4 F aith schools, a law unto themselves," screamed the Independent last week; "Schools named and shamed," announced the Guardian.
Yes, the nation's 7.000 state church schools (plus 40 or so Jewish and two Muslim ones) are under fire over admissions again.
Barely a week has gone by this year without another Government Minister or think tank attacking religious schools. Even their supporters don't make things any better with public statements supporting all the prejudices. When David Cameron said that middle-class parents had "sharp elbows" when it comes to getting their children into schools, it certainly didn't help the cause.
And last week came a survey by Ed Balls' Department for Children, Schools and Families claiming that 96 of 106 voluntary aided religious schools were breaking the admissions rules.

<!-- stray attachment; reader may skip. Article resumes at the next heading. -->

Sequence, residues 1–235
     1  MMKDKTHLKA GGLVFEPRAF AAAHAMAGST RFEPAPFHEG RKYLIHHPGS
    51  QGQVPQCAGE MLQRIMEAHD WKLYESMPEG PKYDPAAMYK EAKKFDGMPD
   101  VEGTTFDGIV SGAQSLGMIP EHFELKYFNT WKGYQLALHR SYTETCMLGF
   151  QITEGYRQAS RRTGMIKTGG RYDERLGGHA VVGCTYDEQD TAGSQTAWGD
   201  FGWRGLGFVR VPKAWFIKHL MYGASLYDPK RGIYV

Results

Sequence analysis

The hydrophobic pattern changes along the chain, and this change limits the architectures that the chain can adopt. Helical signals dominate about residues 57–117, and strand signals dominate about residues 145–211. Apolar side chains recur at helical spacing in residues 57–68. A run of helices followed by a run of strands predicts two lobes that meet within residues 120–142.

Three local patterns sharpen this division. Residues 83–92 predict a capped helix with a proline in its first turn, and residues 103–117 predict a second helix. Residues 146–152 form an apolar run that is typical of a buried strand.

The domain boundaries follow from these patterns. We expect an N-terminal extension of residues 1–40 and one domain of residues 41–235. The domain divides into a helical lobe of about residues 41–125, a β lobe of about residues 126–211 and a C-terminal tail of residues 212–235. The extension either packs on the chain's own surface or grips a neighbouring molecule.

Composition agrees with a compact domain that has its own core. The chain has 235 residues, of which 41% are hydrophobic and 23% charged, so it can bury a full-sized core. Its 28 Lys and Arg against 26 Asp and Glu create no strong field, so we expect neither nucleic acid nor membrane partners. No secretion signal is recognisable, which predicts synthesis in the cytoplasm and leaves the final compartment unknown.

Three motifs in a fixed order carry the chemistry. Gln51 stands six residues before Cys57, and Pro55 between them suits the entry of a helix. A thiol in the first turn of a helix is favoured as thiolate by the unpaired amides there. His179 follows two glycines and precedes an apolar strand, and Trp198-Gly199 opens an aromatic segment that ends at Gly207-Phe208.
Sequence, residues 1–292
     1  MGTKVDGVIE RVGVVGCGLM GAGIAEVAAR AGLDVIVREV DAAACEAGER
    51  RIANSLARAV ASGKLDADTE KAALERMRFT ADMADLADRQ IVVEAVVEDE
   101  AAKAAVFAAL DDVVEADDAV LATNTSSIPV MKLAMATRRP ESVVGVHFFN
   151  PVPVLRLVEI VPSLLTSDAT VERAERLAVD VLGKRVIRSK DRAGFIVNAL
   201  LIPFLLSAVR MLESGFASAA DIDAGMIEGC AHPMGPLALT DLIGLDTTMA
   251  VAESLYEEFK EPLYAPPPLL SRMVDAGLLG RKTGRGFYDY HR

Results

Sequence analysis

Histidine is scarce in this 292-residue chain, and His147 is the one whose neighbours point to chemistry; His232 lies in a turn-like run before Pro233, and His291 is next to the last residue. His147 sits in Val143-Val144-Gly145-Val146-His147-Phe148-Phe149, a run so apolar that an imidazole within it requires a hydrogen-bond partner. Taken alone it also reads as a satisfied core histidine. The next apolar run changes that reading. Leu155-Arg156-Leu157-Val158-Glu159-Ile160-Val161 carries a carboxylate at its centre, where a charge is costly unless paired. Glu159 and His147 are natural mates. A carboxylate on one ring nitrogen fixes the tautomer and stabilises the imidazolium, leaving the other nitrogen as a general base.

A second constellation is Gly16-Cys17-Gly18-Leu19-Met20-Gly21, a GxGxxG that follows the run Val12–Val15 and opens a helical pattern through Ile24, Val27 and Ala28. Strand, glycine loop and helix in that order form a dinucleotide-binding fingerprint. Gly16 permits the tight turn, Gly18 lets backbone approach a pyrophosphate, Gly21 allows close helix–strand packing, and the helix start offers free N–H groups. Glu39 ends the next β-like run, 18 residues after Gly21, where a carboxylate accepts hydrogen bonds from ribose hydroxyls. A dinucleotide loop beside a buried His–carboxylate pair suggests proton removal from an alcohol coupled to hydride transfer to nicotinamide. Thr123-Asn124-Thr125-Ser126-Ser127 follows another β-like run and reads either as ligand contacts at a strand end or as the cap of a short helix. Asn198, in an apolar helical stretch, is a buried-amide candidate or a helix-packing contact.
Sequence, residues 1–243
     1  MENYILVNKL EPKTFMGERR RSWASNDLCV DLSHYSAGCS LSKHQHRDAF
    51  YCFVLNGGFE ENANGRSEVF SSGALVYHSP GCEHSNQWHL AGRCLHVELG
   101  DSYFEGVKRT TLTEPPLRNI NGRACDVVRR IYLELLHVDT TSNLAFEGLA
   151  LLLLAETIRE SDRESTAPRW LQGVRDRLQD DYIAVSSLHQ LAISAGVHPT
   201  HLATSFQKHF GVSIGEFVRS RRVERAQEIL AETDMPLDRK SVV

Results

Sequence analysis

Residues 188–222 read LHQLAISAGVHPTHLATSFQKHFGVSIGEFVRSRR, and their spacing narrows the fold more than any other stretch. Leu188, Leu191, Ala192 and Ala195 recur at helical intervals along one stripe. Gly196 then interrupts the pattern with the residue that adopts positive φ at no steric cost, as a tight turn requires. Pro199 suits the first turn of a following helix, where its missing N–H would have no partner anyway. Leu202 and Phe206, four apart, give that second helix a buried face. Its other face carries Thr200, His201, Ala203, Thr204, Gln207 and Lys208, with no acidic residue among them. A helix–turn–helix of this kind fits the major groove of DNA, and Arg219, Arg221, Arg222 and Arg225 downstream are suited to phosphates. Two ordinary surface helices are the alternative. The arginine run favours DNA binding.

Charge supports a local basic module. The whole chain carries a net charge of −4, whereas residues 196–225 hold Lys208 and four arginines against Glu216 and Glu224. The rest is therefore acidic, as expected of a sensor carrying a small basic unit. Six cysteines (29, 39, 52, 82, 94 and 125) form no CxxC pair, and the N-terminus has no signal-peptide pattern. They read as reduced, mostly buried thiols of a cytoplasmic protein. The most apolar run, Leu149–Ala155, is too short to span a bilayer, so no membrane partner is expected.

Six were found to be asking prospective parents for voluntary financial contributions, the worst offender being the Beis Yaakov Jewish primary school in north London, which was asking for £895 a term.
Another 58 were refusing to give priority to children in care, as demanded by law, and 13 did not admit special needs children.
Religious schools were also found to be breaching the code by interviewing parents, a practice now banned, asking about their marital status or occupation, and only allowing in children of the school's faith.
This came on the back of a report by the education think tank Iris, which claimed that voluntary aided faith schools take fewer poor children than neighbouring secular schools. As an unnamed local authority official told the Independent: "They're doing it to get richer kids and better results it's as simple as that." (It has to be pointed out that local authorities have a vested interest in attacking voluntar)' aided schools, which have undermined their power by opting out of their control.) So what is the truth? Are faith schools fixing it so that only "Brahmin" offspring are allowed in, or is this Ed Balls playing to the gallery of the 100,000 or so parents whose children did not get into their preferred school?